They take one more prisoner to be shot. Pierre does not at the time see the significance of this: the order had been to shoot five prisoners, as a lesson to all the others. This time Pierre watches. The fifth prisoner is only a young lad. This lad tries to grasp Pierre, and Pierre instinctively shakes him off. The boy is unable to walk, and he is dragged to the post. Then suddenly, he stops resisting – whether understanding that resistance is useless, or whether unable to comprehend that these men were about to kill him, Pierre could not say. But this fifth murder, he watches. As they tie the blindfold around him, the boy adjusts the knot at the back of his head, which was obviously making him feel uncomfortable. Pierre does not hear the shots ring out this time, but sees the body sag.

Pierre, with all the other prisoners, pass by the pit where the soldiers were dumping the corpses. The body of the young lad still seemed to be heaving, but earth was already being shovelled over them. Pierre sees one young French soldier, standing on the spot and swaying as if drunk. “That’ll teach them to start fires,” says one soldier, but there is no conviction in his voice.

After the break-up of Pierre’s marriage, Tolstoy had given us an image of Pierre’s state of mind as of a screw which had lost its thread, and which can neither go in, come out, nor stop turning. Now, Tolstoy gives us a similar image: the spring which had held its soul together had suddenly been wrenched out, and everything had fallen in meaningless pieces. His faith in everything – in the ordering of the universe, in humanity, in himself, in God – all disappears. At the time of his earlier crisis, he had met Bazdeyev, who, for a while at least, had given Pierre some sense of order and meaning in his life. Now, he meets Platon Karatayev, a fellow prisoner. He is a peasant – a kindly, good-natured, simple man. In many ways, he is saintly. On seeing Pierre in his dazed state, Platon tries to comfort him. He gives Pierre some potatoes to eat from his own meagre share. Pierre mentions to him the executions – particularly that of the young lad. “What a sin, what a sin,” Platon murmurs. He comes out with some homely peasant wisdom – not as a lecture, but simply because this is his way of talking. Over the next few weeks, Pierre grows close to Platon Karatayev, and comes to love the simple goodness of this man.

In the last section of this part, Maria arrives at Yaroslavl to be with her brother. Maria and Natasha had disliked each other at first meeting, but all that vanishes as soon as they see each other again, and recognize in each other fellow mourners. And yet, something has happened. Andrei, who had earlier shown such tenderness, is now more distant and detached than ever – as if nothing could touch him any more. This distresses Natasha, and it distresses Maria also. Even when his son is brought to him, Andrei cannot raise himself out of this detachment. Nothing earthly seems to him to be of the slightest consequence.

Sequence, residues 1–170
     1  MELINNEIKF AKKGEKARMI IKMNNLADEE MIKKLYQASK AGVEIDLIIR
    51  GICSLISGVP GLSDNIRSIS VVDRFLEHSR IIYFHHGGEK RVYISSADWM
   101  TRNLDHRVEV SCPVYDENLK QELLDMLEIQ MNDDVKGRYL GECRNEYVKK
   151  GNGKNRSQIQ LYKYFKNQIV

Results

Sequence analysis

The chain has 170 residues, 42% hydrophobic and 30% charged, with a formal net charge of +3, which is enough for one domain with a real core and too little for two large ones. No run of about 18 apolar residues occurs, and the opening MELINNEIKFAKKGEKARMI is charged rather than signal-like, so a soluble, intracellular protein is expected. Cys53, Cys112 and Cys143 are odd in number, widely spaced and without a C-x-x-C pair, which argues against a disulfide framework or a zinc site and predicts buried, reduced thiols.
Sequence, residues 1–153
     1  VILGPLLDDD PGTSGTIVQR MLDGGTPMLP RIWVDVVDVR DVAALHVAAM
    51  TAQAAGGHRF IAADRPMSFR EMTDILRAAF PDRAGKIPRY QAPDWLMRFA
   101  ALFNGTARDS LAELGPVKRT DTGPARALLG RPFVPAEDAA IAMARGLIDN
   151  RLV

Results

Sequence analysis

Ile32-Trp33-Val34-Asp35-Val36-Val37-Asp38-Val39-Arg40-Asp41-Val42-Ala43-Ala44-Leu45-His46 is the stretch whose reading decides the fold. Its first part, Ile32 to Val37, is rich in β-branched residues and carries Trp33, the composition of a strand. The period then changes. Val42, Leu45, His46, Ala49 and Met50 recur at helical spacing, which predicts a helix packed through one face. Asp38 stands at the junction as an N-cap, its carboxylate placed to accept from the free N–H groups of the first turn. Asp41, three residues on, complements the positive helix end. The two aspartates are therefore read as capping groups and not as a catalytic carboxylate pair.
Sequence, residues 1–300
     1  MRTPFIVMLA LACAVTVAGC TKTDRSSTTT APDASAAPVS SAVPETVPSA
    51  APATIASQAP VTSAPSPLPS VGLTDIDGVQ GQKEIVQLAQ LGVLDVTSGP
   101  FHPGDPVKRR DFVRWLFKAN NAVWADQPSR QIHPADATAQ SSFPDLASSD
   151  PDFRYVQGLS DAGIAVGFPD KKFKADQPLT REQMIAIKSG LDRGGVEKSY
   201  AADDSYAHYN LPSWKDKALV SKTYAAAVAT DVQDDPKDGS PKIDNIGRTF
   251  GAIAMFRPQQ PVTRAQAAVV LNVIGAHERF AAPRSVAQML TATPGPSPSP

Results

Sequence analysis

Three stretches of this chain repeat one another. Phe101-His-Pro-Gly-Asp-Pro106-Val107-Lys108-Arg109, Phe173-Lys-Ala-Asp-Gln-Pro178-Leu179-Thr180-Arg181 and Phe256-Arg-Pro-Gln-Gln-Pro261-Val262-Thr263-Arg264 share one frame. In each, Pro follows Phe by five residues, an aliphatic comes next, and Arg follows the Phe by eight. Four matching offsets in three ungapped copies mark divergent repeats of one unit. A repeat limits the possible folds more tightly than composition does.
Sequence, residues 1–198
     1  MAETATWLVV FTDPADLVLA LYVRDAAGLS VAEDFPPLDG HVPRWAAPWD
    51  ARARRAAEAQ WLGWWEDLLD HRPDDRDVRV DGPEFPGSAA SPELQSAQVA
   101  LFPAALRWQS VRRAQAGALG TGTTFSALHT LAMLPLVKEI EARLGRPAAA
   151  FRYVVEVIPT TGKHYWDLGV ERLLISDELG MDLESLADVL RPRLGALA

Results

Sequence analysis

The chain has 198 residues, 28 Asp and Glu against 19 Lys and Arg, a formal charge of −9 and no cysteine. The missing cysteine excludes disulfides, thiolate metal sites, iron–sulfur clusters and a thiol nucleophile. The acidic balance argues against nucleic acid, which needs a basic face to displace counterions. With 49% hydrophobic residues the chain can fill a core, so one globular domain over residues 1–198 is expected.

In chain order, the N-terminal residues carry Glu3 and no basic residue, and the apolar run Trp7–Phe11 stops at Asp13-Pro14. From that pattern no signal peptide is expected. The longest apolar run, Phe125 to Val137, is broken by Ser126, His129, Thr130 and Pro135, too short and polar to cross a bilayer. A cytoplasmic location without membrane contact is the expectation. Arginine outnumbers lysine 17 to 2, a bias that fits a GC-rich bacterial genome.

Andrei feels not only that he is dying, but that he is already half-dead. That sinister, eternal something, which he had sensed all his life, was now, he knew, upon him. During his hours of painful and semi-delirious solitude, he had brooded much on love – on human love, and on divine love. And he had realized, that to love everything and everybody, always to sacrifice self for love, meant to love no-one in particular, meant not to love this mundane life. And the more imbued he became with this principle of love, the more he let go of life, and the more completely he annihilated that fearful barrier that – in the absence of such love – stands between life and death.

A few days earlier, he had had a dream in which he was with a room full of people. And he had chatted with them, talked, socialized. But he dimly realized that all this was trivial – that what mattered was a fearful “it” outside the closed door. And that he must do everything to prevent “it” from entering. Gradually, all the people start to disappear, and all he is concerned about is to prevent “it” from entering. He tries with all his strength to keep it out, but he cannot. And in his dream, he died. And at that very point he woke up. And on seeing death as an awakening, he felt his soul “flooded with light”.

We have encountered this “it” before – in the first chapter of Book 2 Part 5, where Pierre had felt that he must do all he could “not to see it, that terrible it“.

Andrei dies, and everyone weeps. Andrei’s son, little Nikolai, weeps because his heart is “torn with perplexity”. Sonya and the Countess weep out of pity for Natasha. The old Count weeps because he knows that he, too, will soon be stepping over that terrible threshold. And Natasha and Maria also weep, not so much out of personal grief, but “from the emotion and awe which took possession of their soul before the simple and solemn mystery of death that had been accomplished before their eyes”.

[All excerpts quoted are taken from the translation by Rosemary Edmonds, published by Penguin Classics]